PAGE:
Pascoalina Dunham has been battling cancer for the last 9 years. The battle has been long and the fight has been fierce, but throughout the countless rounds of chemo and radiation therapy, she hasn’t forgotten to give back.
Pascoalina discovered she had cancer in 2007 when she found a lump in her breast while doing a self-exam. The cancer had metastasized to her lymph nodes, so she underwent chemo therapy, a mastectomy, and 25 sessions of radiation. Little did she know that this was just the beginning.
Fortunately, shortly after she started treatment, she got involved with Alliance Community Services (ACS) in Salt Lake City, Utah, specifically one of their support groups for Hispanic women battling breast cancer, known as the “Triunfadoras,” meaning We Triumph. She quickly became attached to the women in the group and wanted to get further involved in the cause. In 2010 she started working with ACS to educate women about breast and cervical cancer. The program had a substantial impact on the amount of Hispanic women getting mammograms and HPV vaccines in the state of Utah.
She also became involved with a program sponsored by the Susan G. Komen foundation, “Entre Amigas,” meaning Between Friends. Pascoalina would visit women who were undergoing treatments and were unable to attend their meetings. She would offer them friendship and support with whatever they needed, whether it was helping them buy a wig, picking up medication, finding free clinics nearby, or simply having a friend to talk to. She remembers many days where she would get multiple calls from people that needed support. “When I get a call and find out someone is sick, I just go and visit them,” said Pascoalina. “I don’t need a program or grant to do that. They are my friends. They are my second family. If they’re sick, I go see them.”
Unfortunately, Pascoalina’s own fight was long from over.
In February 2015, an intense pain in her right shoulder led her to discover that the cancer was back, and with a vengeance. She had tumors in her shoulder, breast, right hip, and coccyx. She started radiation therapy, followed by oral chemo once again. When both treatments failed, she was given bimonthly shots to block the estrogen, and that seemed to work, or so they thought. Yet through all the treatments and pain, she still made it a priority to continue volunteering and visiting other women that needed her.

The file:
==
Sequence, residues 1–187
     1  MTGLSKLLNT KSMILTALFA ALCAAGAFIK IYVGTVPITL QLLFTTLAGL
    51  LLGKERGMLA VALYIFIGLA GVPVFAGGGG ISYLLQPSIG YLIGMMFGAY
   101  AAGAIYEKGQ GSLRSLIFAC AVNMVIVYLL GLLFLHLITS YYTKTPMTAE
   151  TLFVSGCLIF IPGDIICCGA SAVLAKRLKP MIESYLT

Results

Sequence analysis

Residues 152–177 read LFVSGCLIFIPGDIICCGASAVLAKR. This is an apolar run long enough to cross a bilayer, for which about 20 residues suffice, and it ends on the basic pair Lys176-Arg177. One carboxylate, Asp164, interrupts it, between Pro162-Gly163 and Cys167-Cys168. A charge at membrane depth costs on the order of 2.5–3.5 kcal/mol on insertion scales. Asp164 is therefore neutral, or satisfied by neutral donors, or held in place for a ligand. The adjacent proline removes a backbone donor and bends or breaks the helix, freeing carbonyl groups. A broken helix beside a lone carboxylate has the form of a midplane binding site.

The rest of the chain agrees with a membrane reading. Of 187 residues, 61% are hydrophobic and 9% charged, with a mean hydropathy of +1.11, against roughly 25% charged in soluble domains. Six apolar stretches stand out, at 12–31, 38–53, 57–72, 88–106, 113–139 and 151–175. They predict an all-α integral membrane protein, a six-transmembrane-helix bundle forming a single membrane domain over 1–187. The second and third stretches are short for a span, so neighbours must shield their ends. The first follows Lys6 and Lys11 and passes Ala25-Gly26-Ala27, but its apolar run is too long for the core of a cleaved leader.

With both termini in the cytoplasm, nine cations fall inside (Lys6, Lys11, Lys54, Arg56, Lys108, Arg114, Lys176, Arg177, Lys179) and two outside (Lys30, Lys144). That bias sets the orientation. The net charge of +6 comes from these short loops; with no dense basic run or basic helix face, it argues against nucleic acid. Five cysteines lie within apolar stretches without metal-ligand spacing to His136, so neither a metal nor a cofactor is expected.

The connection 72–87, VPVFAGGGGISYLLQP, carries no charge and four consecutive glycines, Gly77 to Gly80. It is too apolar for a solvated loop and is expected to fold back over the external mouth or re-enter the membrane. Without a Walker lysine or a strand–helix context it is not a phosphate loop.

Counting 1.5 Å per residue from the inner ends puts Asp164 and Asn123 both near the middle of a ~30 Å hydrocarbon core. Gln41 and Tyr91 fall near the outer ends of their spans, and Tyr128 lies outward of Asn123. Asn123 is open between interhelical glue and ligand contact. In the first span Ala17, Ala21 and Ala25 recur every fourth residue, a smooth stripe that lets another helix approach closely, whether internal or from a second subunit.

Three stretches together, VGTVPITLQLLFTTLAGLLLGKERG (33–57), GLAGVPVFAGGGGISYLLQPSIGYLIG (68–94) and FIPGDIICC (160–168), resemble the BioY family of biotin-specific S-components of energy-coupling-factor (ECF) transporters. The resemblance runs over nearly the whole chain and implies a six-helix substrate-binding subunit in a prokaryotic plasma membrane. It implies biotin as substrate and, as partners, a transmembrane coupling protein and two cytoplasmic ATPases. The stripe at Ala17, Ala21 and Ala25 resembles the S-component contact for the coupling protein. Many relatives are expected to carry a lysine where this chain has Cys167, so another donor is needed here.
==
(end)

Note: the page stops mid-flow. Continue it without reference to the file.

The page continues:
In June of 2016, while vacationing in her native country of Brazil, she felt a strong pain in her right arm. The pain also brought with it horrible bouts of vomiting and diarrhea. Upon returning to the US, a PET scan confirmed her worst fear. The cancer was back, but this time, as the doctor showed her the scan, she saw the presence of tumors all throughout her body. There were tumors in her vertebrae, on both sides of her rib cage, in her breasts, in her shoulders, in her left hip, in her liver, in three spots in her brain, and even in her left eye.
They performed a lumbar puncture procedure to remove some of the fluid in her brain. She started chemo again and another round of shots. Nothing worked. A few weeks ago, she was given the prognosis of one year, possibly more or less depending on how she responds to treatment.
She’s taking narcotics for pain. She’s having radiation treatments in her eye, and depending on how it goes, she will then continue oral chemo. It never stops.
And yet throughout her own intense battle with cancer, her thoughts are with her three children and three grandchildren, and those women who are also struggling with cancer and whom Pascoalina has come to know and love. Although she’s unable to drive and make visits, due to her pain medication, she still calls and checks in on the women that need her support, and assists via phone as much as she can. In Pascoalina’s own words, “My mission is not completed yet. My kids still depend on me. That’s my motivation. I want to be here for them, for my grandchildren, and for my friends; for the women out there who need some emotional support; that need someone they can count on.”
A few days ago, Alliance received an award for their support group “Triunfadoras.” Who did the company select to receive the award on their behalf? Pascoalina. The woman who has given so much of her time to help others, even amidst her own battle.
Pascoalina continues to fight. She’s hoping some of the pain will subside so she can continue her mission of enjoying her family and supporting the women that need her. Cancer or no cancer, she’ll never give up on the people that matter to her.
Note: We are grateful to Noel, our blog writer, who was able to meet with Pascoalina over the phone. Pascoalina has worked with CommGap for 13 years and has been an important part of our interpreting team. She is universally respected and loved by us and our clients. Our thoughts are with her and her family during this difficult time. She is truly a courageous woman.
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